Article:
In the first months Victoria Thomas was pregnant with her first child, she could hardly keep food down—and that was a problem at work.
That was seven years ago, and Thomas had been working in a job doing collections for about six months. But the vomiting made it almost impossible to answer phones or do the paperwork her job required.
“When I would go to work, I couldn’t really do anything,” Thomas said. “I wasn’t really productive.”
She lost that job. But her employer—whom she did not identify—told her if she returned after she had the baby, her job would be waiting for her.
In the meantime, without an income, the soon-to-be mom lost her car and had to rely on public transportation and rides from family and friends to get to and from doctor appointments.
Then, after she had her daughter in October 2014, the company did not rehire her.
“I was one of the top people working there,” Thomas said. “I just feel like there was really no reason for them not to rehire me.”
Thomas might have benefited from workplace protections for pregnant women that are in place in some 30 states, although she acknowledges her situation was quite severe. The rules vary, but many states require companies to offer more breaks or modify schedules and tasks for pregnant women—if they need them.
Lawmakers in Indiana, however, have declined to put such rules in place.
Gov. Eric Holcomb and a group of lawmakers and family advocates are pushing this year to change that. Holcomb has put the issue on his agenda, even mentioning it in his State of the State address this month.
It’s not clear how many women a pregnancy-accommodations law could impact in Indiana.
Women made up 47% of Indiana’s labor force, as of 2019. But some pregnant women and new moms struggle to stay in the workforce. Others stay in jobs that involve strenuous work that could cause complications for their pregnancies, out of fear of losing their income.
State Rep. Sharon Negele, R-Attica, said it’s hard to know exactly how many women make those tough choices. “But common sense tells us it’s occurring,” she said.
Negele is one of several Indiana lawmakers who have introduced pregnancy-accommodations legislation.
“A healthy family is when there’s an income for that family,” Negele said. “Keeping someone employed is key for the stability of a family.”
She said she also wants to make sure more pregnant women stay healthy. Advocates for the legislation say it could help improve the state’s infant mortality rate, which has been among the highest in the nation for years.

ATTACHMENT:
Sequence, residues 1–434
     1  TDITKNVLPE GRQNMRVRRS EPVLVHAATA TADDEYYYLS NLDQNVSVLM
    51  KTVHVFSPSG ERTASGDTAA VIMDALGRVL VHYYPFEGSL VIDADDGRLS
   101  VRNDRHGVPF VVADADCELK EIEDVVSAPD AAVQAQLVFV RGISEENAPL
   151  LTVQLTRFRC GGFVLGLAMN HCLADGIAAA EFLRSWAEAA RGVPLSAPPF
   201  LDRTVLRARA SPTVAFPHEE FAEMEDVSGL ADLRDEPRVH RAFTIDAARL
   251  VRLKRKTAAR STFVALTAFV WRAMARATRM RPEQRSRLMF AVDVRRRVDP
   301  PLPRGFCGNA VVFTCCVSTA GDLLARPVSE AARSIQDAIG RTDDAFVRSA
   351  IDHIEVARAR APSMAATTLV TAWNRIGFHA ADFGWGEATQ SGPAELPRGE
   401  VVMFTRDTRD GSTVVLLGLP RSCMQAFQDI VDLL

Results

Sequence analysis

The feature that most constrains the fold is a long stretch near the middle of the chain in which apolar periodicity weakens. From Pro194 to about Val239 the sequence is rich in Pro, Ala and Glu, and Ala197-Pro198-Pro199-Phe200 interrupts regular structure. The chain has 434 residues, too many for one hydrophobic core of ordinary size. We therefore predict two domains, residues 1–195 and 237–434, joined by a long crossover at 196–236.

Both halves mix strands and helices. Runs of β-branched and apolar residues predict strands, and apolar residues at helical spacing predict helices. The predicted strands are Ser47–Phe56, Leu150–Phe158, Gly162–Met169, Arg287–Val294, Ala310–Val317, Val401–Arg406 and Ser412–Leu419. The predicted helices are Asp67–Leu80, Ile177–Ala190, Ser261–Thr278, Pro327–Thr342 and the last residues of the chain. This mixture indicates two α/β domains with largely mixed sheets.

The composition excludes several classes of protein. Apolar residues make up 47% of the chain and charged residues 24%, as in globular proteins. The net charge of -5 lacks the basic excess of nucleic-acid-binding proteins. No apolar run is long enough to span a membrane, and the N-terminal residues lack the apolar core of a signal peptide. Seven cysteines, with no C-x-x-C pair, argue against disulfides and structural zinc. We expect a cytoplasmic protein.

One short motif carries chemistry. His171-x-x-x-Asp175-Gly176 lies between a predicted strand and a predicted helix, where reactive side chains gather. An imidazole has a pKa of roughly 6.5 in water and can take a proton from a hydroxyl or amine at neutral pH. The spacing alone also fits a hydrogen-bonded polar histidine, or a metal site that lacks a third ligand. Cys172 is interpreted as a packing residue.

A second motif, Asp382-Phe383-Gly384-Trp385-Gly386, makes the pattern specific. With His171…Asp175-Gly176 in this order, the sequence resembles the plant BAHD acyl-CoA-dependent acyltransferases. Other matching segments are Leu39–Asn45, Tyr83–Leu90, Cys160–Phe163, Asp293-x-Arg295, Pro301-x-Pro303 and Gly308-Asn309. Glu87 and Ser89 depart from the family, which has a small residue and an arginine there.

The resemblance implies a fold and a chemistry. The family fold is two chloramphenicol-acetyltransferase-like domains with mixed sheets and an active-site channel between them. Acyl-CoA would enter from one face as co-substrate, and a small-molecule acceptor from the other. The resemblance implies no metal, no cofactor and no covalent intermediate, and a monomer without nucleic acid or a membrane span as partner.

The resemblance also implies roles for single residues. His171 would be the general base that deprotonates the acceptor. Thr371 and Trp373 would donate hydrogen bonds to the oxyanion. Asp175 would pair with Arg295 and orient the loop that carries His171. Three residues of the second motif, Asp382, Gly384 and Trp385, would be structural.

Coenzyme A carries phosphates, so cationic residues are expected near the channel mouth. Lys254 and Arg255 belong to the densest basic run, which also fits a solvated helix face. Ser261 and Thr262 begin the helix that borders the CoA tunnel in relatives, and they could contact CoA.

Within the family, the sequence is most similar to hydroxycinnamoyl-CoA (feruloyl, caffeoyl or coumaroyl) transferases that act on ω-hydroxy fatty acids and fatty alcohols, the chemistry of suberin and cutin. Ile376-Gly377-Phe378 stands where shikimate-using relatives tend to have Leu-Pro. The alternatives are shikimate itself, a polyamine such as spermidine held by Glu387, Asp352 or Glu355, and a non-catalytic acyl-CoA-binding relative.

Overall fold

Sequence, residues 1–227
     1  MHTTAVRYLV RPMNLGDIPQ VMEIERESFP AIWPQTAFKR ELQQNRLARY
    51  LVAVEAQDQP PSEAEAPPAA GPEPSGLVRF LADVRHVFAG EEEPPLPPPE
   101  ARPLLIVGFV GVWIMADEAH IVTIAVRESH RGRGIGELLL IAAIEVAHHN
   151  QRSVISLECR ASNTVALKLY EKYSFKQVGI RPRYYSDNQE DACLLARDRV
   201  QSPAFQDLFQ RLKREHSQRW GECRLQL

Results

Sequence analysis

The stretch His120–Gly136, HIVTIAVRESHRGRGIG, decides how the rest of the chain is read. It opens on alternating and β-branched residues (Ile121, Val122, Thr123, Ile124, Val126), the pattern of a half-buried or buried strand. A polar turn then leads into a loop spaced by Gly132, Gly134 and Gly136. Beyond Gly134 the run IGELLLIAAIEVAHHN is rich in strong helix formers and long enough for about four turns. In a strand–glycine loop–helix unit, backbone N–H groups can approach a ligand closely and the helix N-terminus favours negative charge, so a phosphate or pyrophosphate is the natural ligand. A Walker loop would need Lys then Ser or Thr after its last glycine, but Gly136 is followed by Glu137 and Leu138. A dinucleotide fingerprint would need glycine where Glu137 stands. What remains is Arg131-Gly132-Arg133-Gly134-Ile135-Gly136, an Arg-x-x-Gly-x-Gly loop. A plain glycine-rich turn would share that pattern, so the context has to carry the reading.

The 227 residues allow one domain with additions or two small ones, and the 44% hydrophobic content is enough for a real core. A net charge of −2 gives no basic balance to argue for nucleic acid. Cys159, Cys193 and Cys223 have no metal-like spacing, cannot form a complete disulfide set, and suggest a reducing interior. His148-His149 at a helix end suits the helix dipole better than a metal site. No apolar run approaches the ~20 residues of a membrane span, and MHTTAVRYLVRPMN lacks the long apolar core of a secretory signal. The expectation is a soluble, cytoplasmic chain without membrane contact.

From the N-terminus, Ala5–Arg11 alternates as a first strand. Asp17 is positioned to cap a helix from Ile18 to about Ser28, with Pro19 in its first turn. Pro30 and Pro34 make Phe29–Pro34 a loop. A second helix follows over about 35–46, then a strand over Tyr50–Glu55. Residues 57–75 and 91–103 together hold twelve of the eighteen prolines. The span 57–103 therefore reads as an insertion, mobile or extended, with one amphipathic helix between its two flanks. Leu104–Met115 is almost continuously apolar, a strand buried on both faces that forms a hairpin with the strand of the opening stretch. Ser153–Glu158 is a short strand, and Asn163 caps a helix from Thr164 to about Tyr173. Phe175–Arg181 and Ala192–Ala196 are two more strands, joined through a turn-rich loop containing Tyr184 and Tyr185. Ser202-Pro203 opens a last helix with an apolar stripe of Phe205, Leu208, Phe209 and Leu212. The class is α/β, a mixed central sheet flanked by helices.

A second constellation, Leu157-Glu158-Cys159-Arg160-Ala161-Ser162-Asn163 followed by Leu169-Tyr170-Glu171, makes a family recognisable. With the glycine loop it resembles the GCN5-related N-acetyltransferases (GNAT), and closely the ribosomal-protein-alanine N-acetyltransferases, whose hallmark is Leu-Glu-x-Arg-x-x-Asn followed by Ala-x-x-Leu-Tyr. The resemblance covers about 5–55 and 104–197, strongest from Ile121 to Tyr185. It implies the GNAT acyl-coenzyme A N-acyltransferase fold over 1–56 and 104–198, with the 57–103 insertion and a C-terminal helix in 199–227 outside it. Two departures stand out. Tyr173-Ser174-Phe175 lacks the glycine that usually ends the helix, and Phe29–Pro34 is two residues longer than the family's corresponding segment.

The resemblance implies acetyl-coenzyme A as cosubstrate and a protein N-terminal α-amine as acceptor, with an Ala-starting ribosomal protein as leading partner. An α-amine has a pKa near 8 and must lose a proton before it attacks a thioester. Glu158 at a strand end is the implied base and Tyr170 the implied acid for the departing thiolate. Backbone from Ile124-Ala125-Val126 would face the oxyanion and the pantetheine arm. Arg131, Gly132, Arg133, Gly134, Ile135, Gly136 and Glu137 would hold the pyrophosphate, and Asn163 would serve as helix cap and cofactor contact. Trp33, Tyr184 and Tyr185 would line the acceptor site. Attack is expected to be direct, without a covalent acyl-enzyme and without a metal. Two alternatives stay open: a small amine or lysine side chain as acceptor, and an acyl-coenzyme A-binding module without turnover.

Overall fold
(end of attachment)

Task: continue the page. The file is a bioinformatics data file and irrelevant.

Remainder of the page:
Recently, that rate has improved slightly, falling from 6.8 deaths per 1,000 live births in 2018 to 6.5 per 1,000 live births in 2019.
“We’re thinking about this measure as a way to keep pregnant women safe and on the job,” said Erin Macey, senior policy analyst for the Indiana Institute for Working Families, which is advocating for pregnancy-accommodations legislation.
Holcomb initially urged lawmakers to pass such a law last year, but the GOP-controlled Indiana General Assembly backed off the measure after business groups opposed it.
Opposition might not be as strong this year, though. The Indiana Chamber of Commerce, which opposed last year’s bill, has not taken a position so far this session.
“We’re trying to keep an open mind about this,” said Indiana Chamber of Commerce President Kevin Brinegar.
The Indy Chamber supports the measure. “We think it’s sound public policy,” said Mark Fisher, the Indy Chamber’s chief policy officer. “I think many companies are always looking for ways to reduce turnover, to increase employee retention, to make it more hospitable for employees.”
But the future of the legislation is still uncertain. None of the pregnancy-accommodations bills introduced this session had been scheduled for a hearing, as of Jan. 26. The deadline for a committee to consider a bill in its originating chamber is Feb. 16 in the House and Feb. 18 in the Senate.
Setting the standard
House Bill 1358, authored by Negele, would require businesses with 15 or more employees to provide certain “reasonable accommodations” to pregnant employees, such as longer breaks, a modified work schedule and unpaid time off after childbirth, unless the employer can prove an undue hardship.